The Platinum Rule and Other Contrarian Sayings

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carl (tuchy) palmieri, Nov 27, 2006 - Family & Relationships - 56 pages
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The Platinum Rule The Platinum rule is a book that takes the other side of our most cherished sayings and proverbs. It is the result of years of reading and recording words of wisdom from the ages, and thinking about other ways of looking at the issue. In some cases the contrarian quotes offers more empowerment for one. Oftentimes it does not serve to follow the wisdom of a proverb when a contrary action is needed. The most compelling example is the platinum rule being more empowering under certain circumstances than the Golden Rule. It is often better to "do unto to others what they would have you do unto them" This rule takes into account that we have different cultures and different beliefs, and honors that. A must book for anyone who is interested in broadening his/her perspective

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User Review  - twileteyes - LibraryThing

I have always loved quotes, and this book is a great collection of them. I have already found several to use for various things. If I still passed notes I would write one at the top of each letter, but email has overtaken the written word :( Read full review

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Page 54 - And take care that you keep your word,. do not do to others what you would not want done to you,.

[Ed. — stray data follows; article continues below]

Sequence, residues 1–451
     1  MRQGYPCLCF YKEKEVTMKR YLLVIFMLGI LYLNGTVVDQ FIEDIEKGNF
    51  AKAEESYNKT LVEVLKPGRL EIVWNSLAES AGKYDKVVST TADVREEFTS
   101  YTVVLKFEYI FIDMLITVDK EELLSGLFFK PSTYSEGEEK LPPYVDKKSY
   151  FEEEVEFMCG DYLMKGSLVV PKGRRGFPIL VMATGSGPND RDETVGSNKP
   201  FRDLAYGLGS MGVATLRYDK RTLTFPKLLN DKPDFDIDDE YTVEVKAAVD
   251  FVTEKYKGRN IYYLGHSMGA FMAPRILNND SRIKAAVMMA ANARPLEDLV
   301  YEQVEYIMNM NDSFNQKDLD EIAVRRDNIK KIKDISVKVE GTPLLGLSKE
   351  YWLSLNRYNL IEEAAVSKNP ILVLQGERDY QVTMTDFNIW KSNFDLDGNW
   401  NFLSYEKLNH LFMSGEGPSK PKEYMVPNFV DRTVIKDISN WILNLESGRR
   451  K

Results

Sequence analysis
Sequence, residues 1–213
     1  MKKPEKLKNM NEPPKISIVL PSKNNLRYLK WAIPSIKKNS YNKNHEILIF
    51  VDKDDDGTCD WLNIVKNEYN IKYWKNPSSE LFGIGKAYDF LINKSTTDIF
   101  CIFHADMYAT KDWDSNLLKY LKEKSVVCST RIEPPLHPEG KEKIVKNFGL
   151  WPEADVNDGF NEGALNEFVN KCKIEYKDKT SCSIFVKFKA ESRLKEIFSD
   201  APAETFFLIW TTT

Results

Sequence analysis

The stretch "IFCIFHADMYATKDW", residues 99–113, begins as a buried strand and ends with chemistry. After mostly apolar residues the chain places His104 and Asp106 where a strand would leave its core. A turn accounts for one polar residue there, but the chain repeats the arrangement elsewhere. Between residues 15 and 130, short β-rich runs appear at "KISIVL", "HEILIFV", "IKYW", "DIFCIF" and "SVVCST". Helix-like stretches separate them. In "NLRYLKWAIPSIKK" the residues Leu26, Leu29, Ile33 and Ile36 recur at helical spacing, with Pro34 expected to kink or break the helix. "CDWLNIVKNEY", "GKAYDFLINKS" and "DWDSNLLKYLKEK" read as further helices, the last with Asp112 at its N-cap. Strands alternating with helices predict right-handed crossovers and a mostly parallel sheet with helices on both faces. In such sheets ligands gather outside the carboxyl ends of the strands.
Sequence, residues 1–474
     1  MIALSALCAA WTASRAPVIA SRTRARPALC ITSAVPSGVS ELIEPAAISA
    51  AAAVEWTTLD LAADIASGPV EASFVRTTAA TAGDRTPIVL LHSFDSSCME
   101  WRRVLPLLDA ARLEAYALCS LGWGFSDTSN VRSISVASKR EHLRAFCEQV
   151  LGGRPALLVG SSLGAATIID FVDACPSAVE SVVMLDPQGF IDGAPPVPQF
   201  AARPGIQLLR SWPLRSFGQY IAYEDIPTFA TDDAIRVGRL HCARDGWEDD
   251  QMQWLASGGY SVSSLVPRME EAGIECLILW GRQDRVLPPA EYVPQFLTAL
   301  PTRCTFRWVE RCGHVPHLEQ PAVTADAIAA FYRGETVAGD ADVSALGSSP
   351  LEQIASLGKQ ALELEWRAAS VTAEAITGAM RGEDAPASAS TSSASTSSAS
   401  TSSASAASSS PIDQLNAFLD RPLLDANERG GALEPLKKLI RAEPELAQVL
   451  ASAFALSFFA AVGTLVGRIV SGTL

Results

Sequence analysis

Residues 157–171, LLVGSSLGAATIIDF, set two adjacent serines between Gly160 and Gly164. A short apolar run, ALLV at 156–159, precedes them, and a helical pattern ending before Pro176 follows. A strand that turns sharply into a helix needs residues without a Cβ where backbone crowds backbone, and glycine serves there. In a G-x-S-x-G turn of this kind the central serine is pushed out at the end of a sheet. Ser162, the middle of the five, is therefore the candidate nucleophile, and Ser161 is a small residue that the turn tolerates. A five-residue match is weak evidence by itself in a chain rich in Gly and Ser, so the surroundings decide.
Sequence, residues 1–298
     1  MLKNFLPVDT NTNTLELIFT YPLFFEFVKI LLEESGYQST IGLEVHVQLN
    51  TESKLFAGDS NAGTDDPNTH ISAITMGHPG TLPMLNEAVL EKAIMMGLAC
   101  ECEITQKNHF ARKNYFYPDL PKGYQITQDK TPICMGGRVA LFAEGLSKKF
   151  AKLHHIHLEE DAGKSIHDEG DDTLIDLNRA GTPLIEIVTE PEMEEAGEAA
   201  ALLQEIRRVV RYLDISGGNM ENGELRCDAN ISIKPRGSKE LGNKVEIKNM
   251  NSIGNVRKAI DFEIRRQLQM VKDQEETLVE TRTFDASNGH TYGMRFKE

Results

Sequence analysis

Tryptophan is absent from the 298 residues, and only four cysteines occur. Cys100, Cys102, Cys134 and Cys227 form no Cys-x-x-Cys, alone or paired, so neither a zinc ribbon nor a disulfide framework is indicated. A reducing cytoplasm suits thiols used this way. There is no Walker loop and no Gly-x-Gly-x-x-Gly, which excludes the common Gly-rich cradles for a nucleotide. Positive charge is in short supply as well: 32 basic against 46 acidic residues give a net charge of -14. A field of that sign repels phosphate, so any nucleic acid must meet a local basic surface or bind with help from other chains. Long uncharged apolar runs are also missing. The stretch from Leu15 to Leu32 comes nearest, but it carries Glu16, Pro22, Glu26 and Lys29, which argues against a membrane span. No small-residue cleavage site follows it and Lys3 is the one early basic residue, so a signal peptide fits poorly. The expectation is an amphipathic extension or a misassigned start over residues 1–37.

About the author (2006)

Carl "Tuchy" Palmieri was born in 1942 in an old mansion belonging to the former mill owner of the factory where his father worked. His family was one of six related families that occupied the mansion. The second son of Italian immigrants, he grew up in Westport, Connecticut. After receiving a bachelor's degree in business administration from the University of Bridgeport he began his career marketing and installing accounting computers for the Burroughs Corporation. Twenty-one years later he started his own computer business in 1987. Today Carl lives with his wife Susan in Fairfield, Connecticut. He has three children, two stepchildren, and 12 grandchildren. His nickname, Tuchy, comes from having been one of three Carls in his family. There was a "Big Carl," a "Carl the Twin," and "Carluch," which meant "Little Carl." "Carluch" evolved into "Carlatuch," "Tuch," and finally, "Tuchy.

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